Tensions between the Obama administration and the scientific community over the gulf oil spill are escalating, with prominent oceanographers accusing the government of failing to conduct an adequate scientific analysis of the damage and of allowing BP to obscure the spill’s true scope... The scientists point out that in the month since the Deepwater Horizon oil rig exploded, the government has failed to make public a single test result on water from the deep ocean. And the scientists say the administration has been too reluctant to demand an accurate analysis of how many gallons of oil are flowing into the sea from the gushing oil well. NYTimes.
Over the last month, it's become increasingly clear that there is a coordinated information operations campaign in place to downplay the impact of the Gulf of Mexico oil spill. The US government and British Petroleum have imposed a scientific and media blackout to prevent the gathering of the information on the oil leak needed to generate precise estimates (specifically, updates to very low estimates made during the very early days of the crisis). Despite this blackout, credible outside estimates made possible by the little information that has trickled out show that the amount of oil leaking from the broken wellhead is upwards of twenty times the official British Petroleum and Government estimates -- nearly 4,000,000 gallons a day vs. 210,000.
No More Katrinas
Why is this effort in place? To reduce the political damage to both the government and BP. The information related to the amount of oil that is leaking from the broken wellhead is a critical factor in:
- Damage assessments. Lower estimates make this spill relatively small in relation to historical incidents.
- The immediacy and pace of the response. Lower estimates allow a more leisurely response and limits public outcry and anger.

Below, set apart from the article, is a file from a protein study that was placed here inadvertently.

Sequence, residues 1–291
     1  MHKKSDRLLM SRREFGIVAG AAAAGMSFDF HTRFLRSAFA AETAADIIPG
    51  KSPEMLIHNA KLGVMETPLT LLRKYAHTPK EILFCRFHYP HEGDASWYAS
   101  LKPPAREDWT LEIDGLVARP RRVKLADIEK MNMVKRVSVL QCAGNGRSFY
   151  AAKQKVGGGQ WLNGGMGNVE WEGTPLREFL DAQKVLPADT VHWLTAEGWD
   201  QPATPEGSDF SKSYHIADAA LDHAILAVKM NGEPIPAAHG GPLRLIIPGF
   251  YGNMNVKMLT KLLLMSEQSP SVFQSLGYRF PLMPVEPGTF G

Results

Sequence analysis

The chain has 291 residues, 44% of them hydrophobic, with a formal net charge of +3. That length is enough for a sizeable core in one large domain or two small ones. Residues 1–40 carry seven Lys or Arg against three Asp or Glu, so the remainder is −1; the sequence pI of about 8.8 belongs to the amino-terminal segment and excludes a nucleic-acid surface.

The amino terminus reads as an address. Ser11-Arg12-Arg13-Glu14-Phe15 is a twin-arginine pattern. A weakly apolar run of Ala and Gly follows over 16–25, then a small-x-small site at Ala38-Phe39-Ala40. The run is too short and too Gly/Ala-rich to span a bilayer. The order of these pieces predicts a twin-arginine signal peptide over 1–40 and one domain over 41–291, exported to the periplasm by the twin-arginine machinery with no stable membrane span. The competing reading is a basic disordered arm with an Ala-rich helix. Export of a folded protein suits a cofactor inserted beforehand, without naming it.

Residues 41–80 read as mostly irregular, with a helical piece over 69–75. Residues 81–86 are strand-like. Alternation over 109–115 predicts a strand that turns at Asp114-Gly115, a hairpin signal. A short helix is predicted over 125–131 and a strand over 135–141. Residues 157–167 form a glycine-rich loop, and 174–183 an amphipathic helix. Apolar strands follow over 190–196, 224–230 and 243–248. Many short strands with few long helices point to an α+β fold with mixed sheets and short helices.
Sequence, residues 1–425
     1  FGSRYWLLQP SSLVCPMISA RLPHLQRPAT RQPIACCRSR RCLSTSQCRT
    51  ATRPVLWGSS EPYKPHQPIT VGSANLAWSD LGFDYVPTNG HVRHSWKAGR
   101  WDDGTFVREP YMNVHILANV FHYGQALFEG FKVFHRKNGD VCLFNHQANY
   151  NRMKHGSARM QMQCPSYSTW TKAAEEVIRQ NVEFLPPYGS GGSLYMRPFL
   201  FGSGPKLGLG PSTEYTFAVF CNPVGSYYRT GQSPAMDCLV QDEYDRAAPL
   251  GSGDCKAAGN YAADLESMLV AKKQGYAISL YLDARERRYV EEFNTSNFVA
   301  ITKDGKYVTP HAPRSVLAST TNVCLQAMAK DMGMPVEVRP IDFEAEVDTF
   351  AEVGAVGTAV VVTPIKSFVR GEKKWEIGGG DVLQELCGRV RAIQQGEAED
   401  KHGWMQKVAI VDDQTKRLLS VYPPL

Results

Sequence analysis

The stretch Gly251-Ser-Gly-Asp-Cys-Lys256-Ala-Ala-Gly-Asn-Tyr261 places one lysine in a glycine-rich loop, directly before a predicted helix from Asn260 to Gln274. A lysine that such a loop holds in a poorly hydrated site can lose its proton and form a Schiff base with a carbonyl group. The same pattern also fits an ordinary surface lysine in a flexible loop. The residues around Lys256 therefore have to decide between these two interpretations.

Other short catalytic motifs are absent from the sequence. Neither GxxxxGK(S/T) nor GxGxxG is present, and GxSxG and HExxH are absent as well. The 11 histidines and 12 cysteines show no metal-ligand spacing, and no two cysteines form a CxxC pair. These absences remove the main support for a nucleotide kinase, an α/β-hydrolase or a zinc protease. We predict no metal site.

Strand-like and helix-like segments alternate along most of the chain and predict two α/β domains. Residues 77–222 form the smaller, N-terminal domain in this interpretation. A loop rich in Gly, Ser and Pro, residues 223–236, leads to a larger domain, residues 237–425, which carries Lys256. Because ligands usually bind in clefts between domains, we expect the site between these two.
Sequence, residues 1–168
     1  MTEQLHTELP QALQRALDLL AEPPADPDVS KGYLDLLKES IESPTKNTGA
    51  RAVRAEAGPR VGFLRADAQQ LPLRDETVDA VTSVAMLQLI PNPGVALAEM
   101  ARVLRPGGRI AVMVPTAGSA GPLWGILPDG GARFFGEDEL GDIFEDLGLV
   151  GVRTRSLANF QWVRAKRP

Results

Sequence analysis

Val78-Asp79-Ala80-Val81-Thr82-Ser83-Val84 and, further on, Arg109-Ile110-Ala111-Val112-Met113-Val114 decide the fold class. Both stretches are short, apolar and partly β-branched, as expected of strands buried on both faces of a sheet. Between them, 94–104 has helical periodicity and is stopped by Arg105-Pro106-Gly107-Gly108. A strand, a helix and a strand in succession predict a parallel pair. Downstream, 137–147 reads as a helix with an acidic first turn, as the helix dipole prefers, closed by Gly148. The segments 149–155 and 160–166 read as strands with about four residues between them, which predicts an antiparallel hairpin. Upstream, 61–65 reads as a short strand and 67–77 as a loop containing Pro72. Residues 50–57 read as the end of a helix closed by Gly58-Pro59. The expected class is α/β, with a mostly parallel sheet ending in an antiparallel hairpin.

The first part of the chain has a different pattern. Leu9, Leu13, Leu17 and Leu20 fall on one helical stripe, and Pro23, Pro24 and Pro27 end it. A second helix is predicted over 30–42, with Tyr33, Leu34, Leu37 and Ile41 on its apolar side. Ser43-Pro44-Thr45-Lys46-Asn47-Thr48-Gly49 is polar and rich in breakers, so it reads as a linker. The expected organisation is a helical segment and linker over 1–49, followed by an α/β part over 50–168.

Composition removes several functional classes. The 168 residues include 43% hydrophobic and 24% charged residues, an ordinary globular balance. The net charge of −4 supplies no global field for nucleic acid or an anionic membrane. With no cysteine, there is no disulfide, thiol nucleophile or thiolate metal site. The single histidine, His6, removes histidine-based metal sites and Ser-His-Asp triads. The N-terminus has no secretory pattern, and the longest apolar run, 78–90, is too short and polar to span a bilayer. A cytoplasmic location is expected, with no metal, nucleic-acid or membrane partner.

- Evaluation of the solutions being proposed. There's no way to evaluate whether the response is useful or a waste of time. Less criticism.
So far, this information operation is working (it has been so successful, the blackout has even being extended to blocking coverage of the damage being done to public coastlines and marshes). The lower estimates have successfully beaten the media cycle. In the first week of the crisis, most news analysis of the spill downplayed its importance due to lowball estimates. As a result of this news analysis, coverage of the crisis has dropped and the continual denial of information required for analysis has prevented any resurgence of coverage. From the perspective of the government and BP, this information operation has achieved its objectives: it has drastically limited political damage and criticism of previous decisions, which is in stark contrast to the damage generate by the media coverage of Katrina.
Onward to the Hollow State
Of course, this type of behavior is extremely bad over the longer term. Why is it so bad? For an increasing number of people it is yet another example of an approach, reinforced by ongoing global financial disasters, that uses media manipulation and confidence boosting as a substitute for real solutions. It fails to punish bad behavior due to the need for collusion between the government and the offending corporations to construct the information campaign. It fails to construct real solutions since the facts are not known and the number of people able to address the problem is extremely limited. Also, since these people are the same people that caused the crisis, real solutions are avoided to prevent adverse publicity. Most importantly, it is yet another body blow to the nation-state and the global market system as legitimate organizational constructs.